|Publication number||US6821998 B2|
|Application number||US 10/233,336|
|Publication date||Nov 23, 2004|
|Filing date||Aug 29, 2002|
|Priority date||Aug 30, 2001|
|Also published as||DE60233336D1, EP1429771A2, EP1429771A4, EP1429771B1, EP1465488A1, EP1465488A4, US7101894, US20030114423, US20030149055, WO2003018549A2, WO2003018549A3, WO2003020029A1|
|Publication number||10233336, 233336, US 6821998 B2, US 6821998B2, US-B2-6821998, US6821998 B2, US6821998B2|
|Inventors||Brian E. McMaster, Thomas J. Schall, Mark Penfold, J. J. Wright, Daniel J. Dairaghi|
|Original Assignee||Chemocentryx, Inc.|
|Export Citation||BiBTeX, EndNote, RefMan|
|Patent Citations (17), Non-Patent Citations (7), Classifications (50), Legal Events (3)|
|External Links: USPTO, USPTO Assignment, Espacenet|
This application claims the benefit of U.S. Provisional Application Ser. No. 60/316,386, filed Aug. 30, 2001, the contents of which are incorporated herein by reference.
The United States government may have certain rights to inventions described herein pursuant to DARPA grant No. N66001-01-C-8009.
Cytomegalovirus (CMV) is an important human pathogen and a major opportunist which emerges to cause disease in the immuno-compromised such as AIDS patients, neonates, and individuals who have been given immunosuppressive drugs as part of a transplantation regimen. In these individuals, the consequences of CMV in acute or re-emerging infections can be dire, including retinitis, encephalitis, and pneumocystis, among other pathologies. Furthermore, in immuno-competent hosts, CMV establishes a persistent lifelong infection through which it has been linked to a variety of inflammatory conditions including coronary artery occlusion following heart transplant and atherectomy and restenosis following angioplasty. CMV interacts with leukocytes during acute infection of the host as well as during lifelong latency. As such, leukocytes are important players in CMV-induced disease and have been implicated in the acute phase of infection as vehicles for dissemination of virus and as sites of residence during lifelong latency.
CMV harbors in its genome an open reading frame (ORF), designated US28, which encodes a protein that acts as a functional receptor for certain human and viral chemokines. Upon infection of a cell by CMV, US28 is expressed on the surface of the infected cell and becomes capable of responding to chemokines in the environment. Because the virus on its own is inherently non-motile, and because chemokines and their receptors encoded by human cells are known to regulate the migration of leukocytes and other cells through the body, CMV US28 is thought to be encoded by the virus to facilitate the dissemination of CMV through the body during and after infection. Therefore, agents which block the binding of chemokines to US28 should prove useful in inhibiting viral dissemination during acute or re-emerging CMV infection.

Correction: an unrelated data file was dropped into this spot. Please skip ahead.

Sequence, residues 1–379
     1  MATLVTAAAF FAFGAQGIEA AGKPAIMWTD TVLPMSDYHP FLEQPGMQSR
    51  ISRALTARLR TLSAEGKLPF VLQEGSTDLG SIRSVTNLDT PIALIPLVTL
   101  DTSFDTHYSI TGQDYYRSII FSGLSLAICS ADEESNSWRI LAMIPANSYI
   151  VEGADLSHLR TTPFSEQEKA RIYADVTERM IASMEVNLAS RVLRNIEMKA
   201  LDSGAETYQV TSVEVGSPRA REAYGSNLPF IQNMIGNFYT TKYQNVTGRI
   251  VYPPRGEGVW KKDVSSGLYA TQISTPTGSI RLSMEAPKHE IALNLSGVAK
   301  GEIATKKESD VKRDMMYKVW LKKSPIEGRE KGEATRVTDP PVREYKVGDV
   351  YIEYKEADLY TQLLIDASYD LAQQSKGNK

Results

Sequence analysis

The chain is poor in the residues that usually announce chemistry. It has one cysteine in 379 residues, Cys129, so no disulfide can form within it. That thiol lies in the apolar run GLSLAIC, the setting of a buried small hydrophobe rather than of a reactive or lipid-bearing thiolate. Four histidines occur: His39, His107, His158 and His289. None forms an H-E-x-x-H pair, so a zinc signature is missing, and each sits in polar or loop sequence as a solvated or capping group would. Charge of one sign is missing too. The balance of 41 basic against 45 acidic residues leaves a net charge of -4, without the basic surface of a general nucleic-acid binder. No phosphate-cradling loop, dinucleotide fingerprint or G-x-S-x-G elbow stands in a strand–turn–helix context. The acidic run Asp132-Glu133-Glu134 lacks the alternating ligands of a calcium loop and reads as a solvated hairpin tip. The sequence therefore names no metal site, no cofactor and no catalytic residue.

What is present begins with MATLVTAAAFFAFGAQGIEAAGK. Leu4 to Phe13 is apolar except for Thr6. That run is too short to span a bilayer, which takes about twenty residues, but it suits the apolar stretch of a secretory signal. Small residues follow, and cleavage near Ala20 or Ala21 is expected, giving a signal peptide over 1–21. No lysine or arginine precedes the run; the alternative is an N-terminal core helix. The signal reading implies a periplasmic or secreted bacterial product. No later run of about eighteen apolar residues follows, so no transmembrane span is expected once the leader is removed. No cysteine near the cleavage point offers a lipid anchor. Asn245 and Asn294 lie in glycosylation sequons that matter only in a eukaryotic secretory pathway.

CMV US28 has been shown to bind a variety of human, murine, and virus-encoded CC chemokines in a variety of assay formats. In addition, the CX3C chemokine, Fractalkine, binds with a very high affinity (KI˜50 pM) to US28. Fractalkine is expressed on certain endothelial cell surfaces and on populations of dendritic cells (DC), and may thus define a portal through which CMV infected cells go from the circulation to the tissue space, as well as find residence in the DC.
Since the US28 receptor is expressed on cytomegalovirus infected cells, and also in view of its ability to bind multiple chemokines, a small molecule inhibitor for this receptor would have significant use as an anti-CMV agent.
In one aspect, the present invention provides methods for treating or preventing viral dissemination from CMV infection. The methods typically involve administering to a patient an effective formulation of one or more of the compounds of formula I:
wherein Ar is a substituted or unsubstituted 5-14 membered heteroaryl group having from 1 to 5 heteroatoms as ring members, or a substituted or unsubstituted (C6-C14)aryl group; L is a substituted or unsubstituted linkage having from two to fourteen contiguous chain atoms selected from the group consisting of C, N, O, P and S; and R1 and R2 are each independently selected from (C1-C4)alkyl, wherein the alkyl portions of L, R1 and R2 are optionally substituted with from one to four substituents selected from halo, OR′, SR′, S(OpR′, and CO2R′, in which R′ is H or a (C1-C4)alkyl group, and the subscript p is 1 or 2; or R1 and R2 are optionally combined with the nitrogen atom to which each is attached to form a ring selected from aziridine, azetidine, pyrrolidine, piperidine, imidazoline, piperazine and morpholine, each of the rings being optionally substituted with from one to three substituents selected from (C1-C4)alkyl, phenyl, phenyl(C1-C4)alkyl, hydroxy, hydroxy(C1-C4)alkyl, (C1-C4)alkoxy(C1-C4)alkyl and di(C1-C4)alkylamino) C1-C4)alkyl.
In a group of particularly preferred embodiments, the compounds have the formula: